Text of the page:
GITNUX MARKETDATA REPORT 2024

Heart Failure Hospitalization Statistics: Market Report & Data

With sources from: heart.org, futuremedicine.com, escardio.org, cdc.gov and many more

Statistic 1

Nearly half of people who are hospitalized for heart failure die within five years.

Statistic 2

1 million hospitalizations had heart failure as a primary diagnosis in 2010.

Statistic 3

Heart failure represents the most frequent cause of hospitalization in patients over 65.

Statistic 4

In 2018, heart failure was mentioned in 379,800 deaths.

Statistic 5

About 5.7 million adults in the U.S. have heart failure.

Statistic 6

25% of patients hospitalized for heart failure are readmitted within 30 days.

Statistic 7

The total medical costs for heart failure are expected to increase from $20.9 billion in 2012 to $53.1 billion in 2030.

Statistic 8

The total costs (including medical costs and indirect costs) for heart failure was $30.7 billion in 2012.

Statistic 9

More than 5% of adults aged 60 and over had heart failure in 2018.

Statistic 10

By 2030, more than 8 million people or 0ne in every 33 people will have heart failure.

Statistic 11

In 2015–2016, heart failure was mentioned on 1 in 8 death certificates.

Statistic 12

Around 10% of heart failure patients are admitted to the ICU during their hospitalization.

Statistic 13

In 2010, heart failure hospitalization costed the US healthcare system $11.2 billion.

Statistic 14

Each year, heart failure hospitalizations account for about 6.5 million hospital days.

Statistic 15

Nearly 25% of heart failure patients are readmitted to the hospital within 30 days.

Statistic 16

The mortality rate within a year of heart failure hospitalization is 30%.

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In this post, we will explore a comprehensive set of statistics related to heart failure hospitalization, shedding light on the significant impact this condition has on individuals and the healthcare system. From mortality rates to healthcare costs and readmission rates, these statistics paint a stark picture of the challenges faced by patients and healthcare providers in managing heart failure effectively.

Statistic 1

"Nearly half of people who are hospitalized for heart failure die within five years."

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Statistic 2

"1 million hospitalizations had heart failure as a primary diagnosis in 2010."

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Statistic 3

"Heart failure represents the most frequent cause of hospitalization in patients over 65."

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Statistic 4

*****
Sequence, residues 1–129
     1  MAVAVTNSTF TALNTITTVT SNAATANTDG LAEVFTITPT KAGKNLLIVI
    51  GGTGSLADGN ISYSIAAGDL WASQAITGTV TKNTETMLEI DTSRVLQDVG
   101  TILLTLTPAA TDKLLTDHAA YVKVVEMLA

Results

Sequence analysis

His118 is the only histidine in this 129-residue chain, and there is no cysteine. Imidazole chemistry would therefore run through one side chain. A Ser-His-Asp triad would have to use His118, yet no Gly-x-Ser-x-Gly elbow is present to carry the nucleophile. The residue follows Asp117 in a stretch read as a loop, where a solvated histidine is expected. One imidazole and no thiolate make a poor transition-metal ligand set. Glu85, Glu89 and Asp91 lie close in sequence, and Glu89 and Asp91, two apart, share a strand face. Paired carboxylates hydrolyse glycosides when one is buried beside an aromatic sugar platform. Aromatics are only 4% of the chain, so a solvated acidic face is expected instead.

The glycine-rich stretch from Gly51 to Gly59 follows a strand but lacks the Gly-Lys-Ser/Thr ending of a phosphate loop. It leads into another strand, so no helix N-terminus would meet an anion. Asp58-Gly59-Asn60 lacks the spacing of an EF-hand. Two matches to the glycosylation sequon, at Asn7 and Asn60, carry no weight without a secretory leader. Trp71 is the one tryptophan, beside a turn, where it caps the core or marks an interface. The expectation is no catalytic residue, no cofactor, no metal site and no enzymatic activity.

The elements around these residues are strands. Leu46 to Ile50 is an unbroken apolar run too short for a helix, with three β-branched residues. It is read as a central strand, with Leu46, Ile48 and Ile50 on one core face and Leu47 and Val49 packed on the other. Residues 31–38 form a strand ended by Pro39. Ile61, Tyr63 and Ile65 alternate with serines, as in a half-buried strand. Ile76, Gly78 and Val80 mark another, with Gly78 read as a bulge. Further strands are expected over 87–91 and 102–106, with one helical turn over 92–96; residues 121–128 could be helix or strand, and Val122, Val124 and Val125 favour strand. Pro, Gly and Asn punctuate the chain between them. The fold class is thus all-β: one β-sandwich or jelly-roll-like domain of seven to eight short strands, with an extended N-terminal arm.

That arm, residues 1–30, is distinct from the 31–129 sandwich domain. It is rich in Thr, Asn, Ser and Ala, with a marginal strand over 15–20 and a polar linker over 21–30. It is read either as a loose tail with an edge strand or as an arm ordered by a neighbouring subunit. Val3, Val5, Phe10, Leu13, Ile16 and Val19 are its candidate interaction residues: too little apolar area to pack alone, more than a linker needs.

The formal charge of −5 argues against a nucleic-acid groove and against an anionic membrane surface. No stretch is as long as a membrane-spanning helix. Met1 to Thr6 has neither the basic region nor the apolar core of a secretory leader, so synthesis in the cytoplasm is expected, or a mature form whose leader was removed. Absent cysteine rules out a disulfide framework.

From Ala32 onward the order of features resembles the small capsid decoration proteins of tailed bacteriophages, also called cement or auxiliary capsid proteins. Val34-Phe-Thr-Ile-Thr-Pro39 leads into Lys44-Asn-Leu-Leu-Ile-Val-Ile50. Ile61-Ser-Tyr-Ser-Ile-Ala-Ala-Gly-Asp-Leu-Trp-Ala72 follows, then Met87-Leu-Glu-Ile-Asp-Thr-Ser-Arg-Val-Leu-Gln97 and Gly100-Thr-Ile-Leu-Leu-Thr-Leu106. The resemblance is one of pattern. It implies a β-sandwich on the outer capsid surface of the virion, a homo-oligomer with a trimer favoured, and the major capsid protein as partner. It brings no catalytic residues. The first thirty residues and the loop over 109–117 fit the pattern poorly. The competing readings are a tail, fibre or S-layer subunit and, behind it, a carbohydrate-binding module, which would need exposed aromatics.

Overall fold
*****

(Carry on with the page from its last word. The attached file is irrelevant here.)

"In 2018, heart failure was mentioned in 379,800 deaths."

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Statistic 5

"About 5.7 million adults in the U.S. have heart failure."

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Statistic 6

"25% of patients hospitalized for heart failure are readmitted within 30 days."

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Statistic 7

"The total medical costs for heart failure are expected to increase from $20.9 billion in 2012 to $53.1 billion in 2030."

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Statistic 8

"The total costs (including medical costs and indirect costs) for heart failure was $30.7 billion in 2012."

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Statistic 9

"More than 5% of adults aged 60 and over had heart failure in 2018."

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Statistic 10

"By 2030, more than 8 million people or 0ne in every 33 people will have heart failure."

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Statistic 11

"In 2015–2016, heart failure was mentioned on 1 in 8 death certificates."

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Statistic 12

"Around 10% of heart failure patients are admitted to the ICU during their hospitalization."

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Statistic 13

"In 2010, heart failure hospitalization costed the US healthcare system $11.2 billion."

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Statistic 14

"Each year, heart failure hospitalizations account for about 6.5 million hospital days."

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Statistic 15

"Nearly 25% of heart failure patients are readmitted to the hospital within 30 days."

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Statistic 16

"The mortality rate within a year of heart failure hospitalization is 30%."

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Interpretation

The statistics presented highlight the significant impact of heart failure on individuals and the healthcare system. The high mortality rates within five years of hospitalization, the prevalence of heart failure as a primary cause of hospitalization among older patients, and the increasing medical costs associated with heart failure underscore the need for improved prevention and management strategies. With a growing number of individuals affected by heart failure and a substantial portion requiring readmission shortly after initial hospitalization, there is a pressing need for enhanced interventions to address the burden of this condition on both patients and healthcare resources.

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